“It is one thing to say that a homeowners association, which consists of property owners, can enforce the CC&R’s. It is quite another to jump to the conclusion that the developer, which has no ownership interest in the property, direct or indirect, may enforce them,” the court ruled.

Clifford thinks allowing developers to insert binding arbitration clauses in homeowners association covenants is unfair to the property owners. “I think that’s why the Legislature limits enforcement to the associations and its members,” he said.

The judges also appeared to rely on current state real estate regulations pertaining to legal clashes between homeowners associations and developers regarding arbitration over faulty or inadequate construction.

“Our conclusions that the developers lack standing is in harmony with the regulations promulgated by the Department of Real Estate governing alternative dispute resolution procedures in CC&R’s as to the claims between developers and owners (California Code Regulations title 10, 2791.8) and the department’s task of reviewing CC&R’s before allowing the sale or lease of land,” the court wrote.

“Nothing in the regulations or pertinent binding statutes authorizes a developer to insert a provision in the CC&R’s requiring binding arbitration of construction defects claims brought against it where the provision is, by its terms, not subject to amendment by the eventual owners.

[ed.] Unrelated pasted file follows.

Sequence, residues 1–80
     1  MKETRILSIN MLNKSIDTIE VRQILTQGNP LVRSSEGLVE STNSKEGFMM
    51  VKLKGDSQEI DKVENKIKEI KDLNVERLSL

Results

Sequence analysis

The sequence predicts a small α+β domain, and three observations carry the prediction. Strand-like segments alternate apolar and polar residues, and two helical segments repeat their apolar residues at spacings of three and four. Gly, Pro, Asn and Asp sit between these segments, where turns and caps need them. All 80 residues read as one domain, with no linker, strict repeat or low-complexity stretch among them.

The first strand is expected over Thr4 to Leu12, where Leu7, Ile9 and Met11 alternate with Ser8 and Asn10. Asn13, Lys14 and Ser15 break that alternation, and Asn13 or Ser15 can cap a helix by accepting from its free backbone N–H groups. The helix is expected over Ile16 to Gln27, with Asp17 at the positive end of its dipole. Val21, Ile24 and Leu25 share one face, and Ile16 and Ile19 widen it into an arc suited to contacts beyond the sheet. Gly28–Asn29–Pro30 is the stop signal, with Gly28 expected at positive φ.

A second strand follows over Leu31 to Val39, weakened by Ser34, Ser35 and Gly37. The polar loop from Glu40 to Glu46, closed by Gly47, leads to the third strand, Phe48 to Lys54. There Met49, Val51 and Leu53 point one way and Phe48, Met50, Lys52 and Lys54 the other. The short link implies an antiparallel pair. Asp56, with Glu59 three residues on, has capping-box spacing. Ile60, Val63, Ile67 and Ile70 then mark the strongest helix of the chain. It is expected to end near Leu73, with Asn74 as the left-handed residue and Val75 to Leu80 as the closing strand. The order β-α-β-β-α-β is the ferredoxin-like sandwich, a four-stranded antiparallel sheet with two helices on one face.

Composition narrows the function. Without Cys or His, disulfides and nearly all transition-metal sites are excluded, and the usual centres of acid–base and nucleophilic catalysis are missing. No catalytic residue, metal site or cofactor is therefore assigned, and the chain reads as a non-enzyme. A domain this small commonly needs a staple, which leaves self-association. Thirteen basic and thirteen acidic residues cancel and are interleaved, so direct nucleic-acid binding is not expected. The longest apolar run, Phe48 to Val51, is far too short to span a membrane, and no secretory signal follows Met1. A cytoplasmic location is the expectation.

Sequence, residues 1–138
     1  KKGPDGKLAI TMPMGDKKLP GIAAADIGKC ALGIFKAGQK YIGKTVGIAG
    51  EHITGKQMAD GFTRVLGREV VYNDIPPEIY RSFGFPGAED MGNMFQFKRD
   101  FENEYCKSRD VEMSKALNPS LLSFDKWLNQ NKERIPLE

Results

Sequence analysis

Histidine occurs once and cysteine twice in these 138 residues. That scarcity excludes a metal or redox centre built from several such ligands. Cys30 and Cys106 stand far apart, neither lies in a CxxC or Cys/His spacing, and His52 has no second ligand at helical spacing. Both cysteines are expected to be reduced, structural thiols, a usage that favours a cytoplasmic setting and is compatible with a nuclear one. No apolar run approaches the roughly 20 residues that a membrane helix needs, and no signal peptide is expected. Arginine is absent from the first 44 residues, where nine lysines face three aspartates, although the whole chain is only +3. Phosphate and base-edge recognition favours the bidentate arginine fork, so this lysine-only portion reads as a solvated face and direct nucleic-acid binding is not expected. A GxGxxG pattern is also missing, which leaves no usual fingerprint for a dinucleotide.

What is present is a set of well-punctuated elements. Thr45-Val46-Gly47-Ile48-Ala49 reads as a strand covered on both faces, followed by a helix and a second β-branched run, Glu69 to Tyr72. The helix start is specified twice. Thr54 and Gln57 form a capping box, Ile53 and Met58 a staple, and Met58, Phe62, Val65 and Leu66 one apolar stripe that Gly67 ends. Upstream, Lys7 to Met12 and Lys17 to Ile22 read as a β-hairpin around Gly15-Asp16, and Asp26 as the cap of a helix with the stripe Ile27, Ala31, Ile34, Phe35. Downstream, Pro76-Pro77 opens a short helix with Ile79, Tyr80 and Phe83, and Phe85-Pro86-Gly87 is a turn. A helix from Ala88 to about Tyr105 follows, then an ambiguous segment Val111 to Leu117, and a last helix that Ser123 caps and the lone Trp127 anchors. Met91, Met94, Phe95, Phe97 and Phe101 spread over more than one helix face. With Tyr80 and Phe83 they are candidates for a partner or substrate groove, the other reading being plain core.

“Accordingly, the trial court properly denied the motion to compel arbitration.”

Donald Barr, a developer who built projects on the Westside for more than three decades, said it was never his style to insert binding arbitration clauses in a homeowners group’s governing documents.

“I never like arbitration,” said Barr, a Santa Monica resident. “Judges tend to be less emotional and win, lose or draw, I wanted someone who could reason out any problems that (homeowners) might have.”

Barr said only in cases that were not very complex, like how often trees should be trimmed, did he favor going to arbitration.

Clifford thinks this ruling will make developers reconsider inserting binding arbitration clauses in governing documents of homeowners associations.

“It’s my understanding that people who represent developers are concerned about this (case),” the attorney said. “This is an important ruling, not only for my clients but for every CC&R in the state.”

Barr, who wrote covenants, conditions and restrictions for homeowners groups, agrees that a developer should not have the right to enforce the documents’ provisions, even if it included the legal recourse as binding arbitration.

“If they weren’t apprised of what was in (the CC&R), the developer has no right to enforce it,” said the developer, who is also an attorney.

The defendants’ only recourse is the state Supreme Court. They have until Monday, Jan. 9 to file a petition of review.

Calls to the office of Wood, Smith, Henning & Berman, the law firm that represented Playa Capital and The Western Pacific Housing Inc., were not returned.